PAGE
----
Ontario Human Rights Commission
Submission to the
STANDING COMMITTEE ON GENERAL GOVERNMENT
Re: Bill 114, An Act to provide for Anti-Racism Measures
May 9, 2017
The Ontario Human Rights Commission (OHRC) is responsible for promoting and advancing human rights and preventing systemic discrimination. The OHRC has several functions under the Ontario Human Rights Code (Code), including the power to monitor and report on anything related to the state of human rights in Ontario. This includes reviewing legislation, regulations and policies for consistency with the Code.
The OHRC welcomes the introduction of Bill 114, An Act to provide for Anti-Racism Measures (the Bill). Anti-racism has been at the heart of the OHRC's work since our founding 56 years ago and we have long called for broader anti-racism efforts from government and its agencies.
We are pleased to see that the draft legislation binds the government to a sustained commitment to anti-racism and includes several key anti-racism measures previously identified by the OHRC. These include a measurable anti-racism strategy with targets and indicators; the application of an anti-racism lens in developing, implementing and evaluating government policies; and race-based data collection, analysis and reporting.
The OHRC is also pleased to see that “A Better Way Forward,” Ontario’s 3-year Anti-Racism Strategic Plan recognizes intersectional aspects of racism and discrimination and contains initiatives that target systemic forms of racism that impact many racialized groups, including anti-Black and anti-Indigenous racism. It also responds to a troubling increase in levels of antisemitism and Islamophobia in society.
While, the anti-racism framework established in the Bill is a positive step forward, to make sure that it is as effective as possible in terms of meeting its important goals, the OHRC recommends that the following issues be addressed.
Summary of Recommendations:
- Include reference to the Human Rights Code in the Preamble;
- State that requirements and standards set out in the Act or any regulations thereunder are not a replacement or a substitution for the requirements established under the Code;
- Explicitly include the OHRC in the list of exemptions for access to personal information;
- Require consultation with the OHRC on the province’s anti-racism strategy (subsections 4(4) and 5(1)) and on the anti-racism impact assessment (ARIA) framework (subsection 13(2)(b));
- Increase the default retention period for collected data from one year to five years (subsection 7(10));
- Issue regulations establishing data standards and the ARIA framework as quickly as possible;
- Ensure the data standards account for the importance of intersectional analysis;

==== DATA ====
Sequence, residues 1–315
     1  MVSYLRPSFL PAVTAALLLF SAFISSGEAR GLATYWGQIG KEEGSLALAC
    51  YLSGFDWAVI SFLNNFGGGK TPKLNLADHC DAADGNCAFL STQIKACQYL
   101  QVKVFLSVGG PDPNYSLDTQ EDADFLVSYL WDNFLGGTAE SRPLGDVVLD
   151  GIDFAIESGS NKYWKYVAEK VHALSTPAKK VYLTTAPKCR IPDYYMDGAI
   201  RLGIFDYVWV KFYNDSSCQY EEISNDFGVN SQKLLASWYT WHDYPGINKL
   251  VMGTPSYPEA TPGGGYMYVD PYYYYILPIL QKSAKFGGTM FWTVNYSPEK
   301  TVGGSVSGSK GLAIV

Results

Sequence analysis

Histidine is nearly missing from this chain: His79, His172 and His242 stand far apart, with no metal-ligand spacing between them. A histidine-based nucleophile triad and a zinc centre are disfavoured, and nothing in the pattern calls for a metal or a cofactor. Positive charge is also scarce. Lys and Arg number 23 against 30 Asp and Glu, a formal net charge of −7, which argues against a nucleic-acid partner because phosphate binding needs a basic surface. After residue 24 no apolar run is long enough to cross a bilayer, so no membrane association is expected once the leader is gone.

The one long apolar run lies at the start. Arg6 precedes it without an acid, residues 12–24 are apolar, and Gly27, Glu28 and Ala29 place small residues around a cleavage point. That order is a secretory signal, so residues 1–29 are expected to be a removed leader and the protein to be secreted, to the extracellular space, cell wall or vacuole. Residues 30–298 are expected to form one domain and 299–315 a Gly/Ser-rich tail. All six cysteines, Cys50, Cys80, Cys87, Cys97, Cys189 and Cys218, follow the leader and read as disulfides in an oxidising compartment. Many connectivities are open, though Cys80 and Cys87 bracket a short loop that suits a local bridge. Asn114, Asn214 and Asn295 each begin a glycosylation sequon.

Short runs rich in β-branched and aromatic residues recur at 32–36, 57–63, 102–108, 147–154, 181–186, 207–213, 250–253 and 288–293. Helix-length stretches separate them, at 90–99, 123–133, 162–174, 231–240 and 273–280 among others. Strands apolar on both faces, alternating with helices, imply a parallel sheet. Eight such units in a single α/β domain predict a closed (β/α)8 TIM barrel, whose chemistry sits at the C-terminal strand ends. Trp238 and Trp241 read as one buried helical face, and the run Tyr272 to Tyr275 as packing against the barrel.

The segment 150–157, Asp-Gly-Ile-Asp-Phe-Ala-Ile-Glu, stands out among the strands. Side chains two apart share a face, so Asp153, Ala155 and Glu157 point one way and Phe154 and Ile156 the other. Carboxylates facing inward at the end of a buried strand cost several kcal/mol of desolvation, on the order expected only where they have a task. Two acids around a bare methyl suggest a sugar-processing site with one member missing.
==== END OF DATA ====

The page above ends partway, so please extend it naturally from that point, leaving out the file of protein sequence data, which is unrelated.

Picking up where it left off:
- Require not just data collection but analysis of data for disproportionate impact on Code-protected groups, public reporting on the data and action if the data reveals inequity; and
- In consultation with the OHRC, identify the public sector organizations responsible for policing, corrections, child welfare, education, health/mental health and provision of social assistance that should be required to begin collecting data as soon as possible.
We discuss each of these recommendations below.
Application of the Ontario Human Rights Code
First, the Bill should clarify the relationship between the requirements of the proposed legislation and the Code, including the primacy of the Code and the powers of the OHRC to obtain race-based data through use of its inquiry powers as set out in the Code.
The Code has played and will continue to play a central role in protecting individuals against racism and discrimination. Complementary legislation such as Bill 114 can serve to promote compliance with the Code. Harmonization between requirements under the Bill and requirements under the Code is ideal. However, it is important to make clear that compliance with any anti-racism legislation does not replace compliance with the Code, as the latter may require a higher standard. In these circumstances, because of the Code’s quasi-constitutional status and its primacy over other Ontario laws, the requirement to comply with the Code will prevail.
To ensure that public sector organizations do not mistakenly believe that compliance with the requirements of the Bill relieves them of their obligations under the Code, the OHRC recommends that the proposed legislation expressly state that nothing in the Act or any regulations thereunder diminishes any responsibilities under the Ontario Human Rights Code. Similar language is found in O. Reg. 191/11 under the Accessibility for Ontarians with Disabilities Act, 2005 which states in subsection 1(2):